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In C++11, how can I specialise a function template which is declared with a "complicated" trailing return type using decltype? The following works in GCC but produces "error C2912: explicit specialisation 'int f(void)' i s not a specialisation of a function template" in VC2013:

#include <iostream>

int myint() { return 1; }

template<class T>
auto f() -> decltype(myint()) // this seems to cause problems
{
    std::cout << "general\n";
    return 1;
}

template <>
auto f<double>() -> decltype(myint())
{
    std::cout << "special\n";
    return 2;
}

int main()
{
    f<int>();
    f<double>(); // compiler error in VC, but not in GCC
}

I say "complicated" in lack of a technically precise word because I'm not sure what makes the difference. For example, the following decltype, using a built-in operation not depending on any function result type, works fine with template specialisation:

auto f() -> decltype(1 + 1)

So, my questions (all related to each other):

  1. Is my code correct C++11?
  2. Is this a VC bug?
  3. How could I ever specialise std::begin and std::end (and thus provide range-based for loops) for an unchangeable legacy container class if this kind of specialization does not work?
5

Is my code correct C++11?

Looks correct to me. Also, compiles cleanly both with gcc and clang with -Wall -Wextra.

Is this a VC bug?

Most likely. VC is infamous in this respect, see for example What exactly is "broken" with Microsoft Visual C++'s two-phase template instantiation? or google msvc two-phase lookup.

How could I ever specialise std::begin and std::end (and thus provide range-based for loops) for an unchangeable legacy container class if this kind of specialization does not work?

For the code you provided, a workaround would be to use a typedef:

#include <iostream>

int myint() { return 1; }

typedef decltype(myint()) return_type;

template<class T>
return_type f()
{
    std::cout << "general\n";
    return 1;
}

template <>
return_type f<double>()
{
    std::cout << "special\n";
    return 2;
}

int main()
{
    f<int>();
    f<double>();
}

All three mainstream compilers (gcc, clang, vs) seem to be happy with this code.


UPDATE:

How could I ever specialise std::begin and std::end (and thus provide range-based for loops) for an unchangeable legacy container class if this kind of specialization does not work?
[And from the comments:] I thought specialising std::begin and std::end was always the best approach.

After giving it some thought, specializing std::begin() and std::end() would be my last resort. My first attempt would be to provide member begin() and end() functions; unfortunately, it is not an option for you because you cannot modify the corresponding code. Then, my second attempt would be to provide free functions in my own namespace:

#include <iostream>
#include <initializer_list>
#include <vector>

namespace my_namespace {

template <typename T> class my_container;
template <typename T> T* begin(my_container<T>& c);
template <typename T> T* end(my_container<T>& c);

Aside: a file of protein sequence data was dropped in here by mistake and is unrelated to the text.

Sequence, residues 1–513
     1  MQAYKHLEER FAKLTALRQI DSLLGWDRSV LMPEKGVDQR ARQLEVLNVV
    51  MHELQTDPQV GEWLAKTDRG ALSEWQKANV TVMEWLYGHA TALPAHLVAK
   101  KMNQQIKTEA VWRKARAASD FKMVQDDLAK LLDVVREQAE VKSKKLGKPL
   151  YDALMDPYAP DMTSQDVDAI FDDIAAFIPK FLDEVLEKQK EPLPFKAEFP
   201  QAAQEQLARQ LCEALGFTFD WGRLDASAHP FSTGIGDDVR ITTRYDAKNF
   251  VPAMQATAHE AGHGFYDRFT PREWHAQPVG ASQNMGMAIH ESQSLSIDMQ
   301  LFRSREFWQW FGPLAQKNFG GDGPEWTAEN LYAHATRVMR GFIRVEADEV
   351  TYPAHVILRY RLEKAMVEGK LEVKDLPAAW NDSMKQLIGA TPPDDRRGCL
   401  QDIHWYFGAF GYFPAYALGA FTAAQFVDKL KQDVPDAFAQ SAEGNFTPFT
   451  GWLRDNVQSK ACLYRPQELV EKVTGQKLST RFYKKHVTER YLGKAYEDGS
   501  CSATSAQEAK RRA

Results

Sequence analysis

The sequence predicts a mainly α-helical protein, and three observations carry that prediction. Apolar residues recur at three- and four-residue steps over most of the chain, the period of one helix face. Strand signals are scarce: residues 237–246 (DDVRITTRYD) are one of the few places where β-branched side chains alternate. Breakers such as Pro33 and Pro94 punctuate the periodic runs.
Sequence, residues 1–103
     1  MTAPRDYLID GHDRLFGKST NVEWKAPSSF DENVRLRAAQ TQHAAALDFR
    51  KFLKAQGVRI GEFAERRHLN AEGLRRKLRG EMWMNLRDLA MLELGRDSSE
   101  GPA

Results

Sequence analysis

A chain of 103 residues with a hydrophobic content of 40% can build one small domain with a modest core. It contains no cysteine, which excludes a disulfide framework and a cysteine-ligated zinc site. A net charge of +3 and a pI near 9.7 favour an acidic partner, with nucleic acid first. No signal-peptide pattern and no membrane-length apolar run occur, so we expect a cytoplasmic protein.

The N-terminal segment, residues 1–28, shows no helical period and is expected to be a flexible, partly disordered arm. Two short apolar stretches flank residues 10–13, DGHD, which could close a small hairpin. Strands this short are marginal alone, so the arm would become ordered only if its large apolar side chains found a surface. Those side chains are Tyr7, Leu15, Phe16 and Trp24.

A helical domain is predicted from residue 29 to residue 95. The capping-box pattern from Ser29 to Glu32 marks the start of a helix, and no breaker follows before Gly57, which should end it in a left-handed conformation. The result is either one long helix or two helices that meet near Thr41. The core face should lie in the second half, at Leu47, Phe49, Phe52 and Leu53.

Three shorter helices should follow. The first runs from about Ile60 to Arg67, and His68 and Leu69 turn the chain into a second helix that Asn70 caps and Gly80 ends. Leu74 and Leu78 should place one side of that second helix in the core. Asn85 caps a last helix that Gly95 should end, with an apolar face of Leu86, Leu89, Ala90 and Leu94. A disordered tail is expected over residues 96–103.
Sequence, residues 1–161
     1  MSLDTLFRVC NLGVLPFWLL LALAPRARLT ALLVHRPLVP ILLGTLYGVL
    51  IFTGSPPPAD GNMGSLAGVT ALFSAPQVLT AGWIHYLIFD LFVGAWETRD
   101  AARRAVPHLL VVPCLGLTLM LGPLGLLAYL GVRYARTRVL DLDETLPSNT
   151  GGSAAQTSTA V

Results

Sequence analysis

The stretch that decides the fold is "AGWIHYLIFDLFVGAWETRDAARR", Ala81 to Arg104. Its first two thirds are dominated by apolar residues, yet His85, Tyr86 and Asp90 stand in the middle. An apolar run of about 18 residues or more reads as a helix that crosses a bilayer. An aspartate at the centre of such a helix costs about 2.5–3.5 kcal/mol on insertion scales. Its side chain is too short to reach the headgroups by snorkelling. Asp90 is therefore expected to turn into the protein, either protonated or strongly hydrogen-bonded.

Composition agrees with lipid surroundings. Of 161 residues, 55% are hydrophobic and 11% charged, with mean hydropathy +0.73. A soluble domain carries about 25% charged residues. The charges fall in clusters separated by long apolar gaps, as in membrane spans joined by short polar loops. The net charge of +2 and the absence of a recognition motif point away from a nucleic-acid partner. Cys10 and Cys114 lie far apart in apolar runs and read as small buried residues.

template <typename T>
class my_container {

  public:

    explicit my_container(std::initializer_list<T> list) : v(list) { }

    friend T* begin<>(my_container& c);
    friend T* end<>(my_container& c);

  private:

    std::vector<T> v;
};

template <typename T>
T* begin(my_container<T>& c) {

  return c.v.data();
}

template <typename T>
T* end(my_container<T>& c) {

  return c.v.data()+c.v.size();
}

}

int main() {

  my_namespace::my_container<int> c{1, 2, 3};

  for (int i : c)
    std::cout << i << '\n';
}

This approach must work if you were able to specialize std::begin() and std::end() for the container. It also works if you do it in the global namespace (that is, you simply omit the namespace my_namespace { and closing }) but I prefer to put my implementation into my own namespace.

See also

  • Thanks for the typedef trick, that was definitely new to me! I am still trying to understand what's really idiomatic in C++11 regarding std::begin et al. Perhaps if my main concern is to provide range-based for loops, I should not care too much about std::begin/std::end and just provide free-standing non-std begin/end functions? – Christian Hackl Feb 15 '14 at 16:45
  • @ChristianHackl The free-standing std::begin() and std::end() are handy for old C style arrays (for example int v[42];). If you want to make your old containers work with the new range-based for loops, just provide my_container.begin() and my_container.end() member functions. Assuming you can change the old containers, but you write unchangable... Hmm. Alternatively, you could define views for those old containers, that doesn't require changing the old code. In any case, if a simple typedef suffices, I would go with the typedef. – Ali Feb 15 '14 at 16:59
  • I was thinking about something along the same lines... LegacyContainerLoopAdapter wrapping LegacyContainer with begin()/end() member functions. But then, of course, std::begin/std::end also seem to be handy as basic operations for higher-level generalised ones (e.g. something like bool empty(T const &c) { return std::begin(c) == std::end(c); }). That is why I thought specialising std::begin and std::end was always the best approach. – Christian Hackl Feb 16 '14 at 10:38
  • @ChristianHackl Please check my update. As it turns out, there is no need to specialize std::begin() and std::end(), nor is it necessary to provide a LegacyContainerLoopAdapter. – Ali Feb 16 '14 at 13:01

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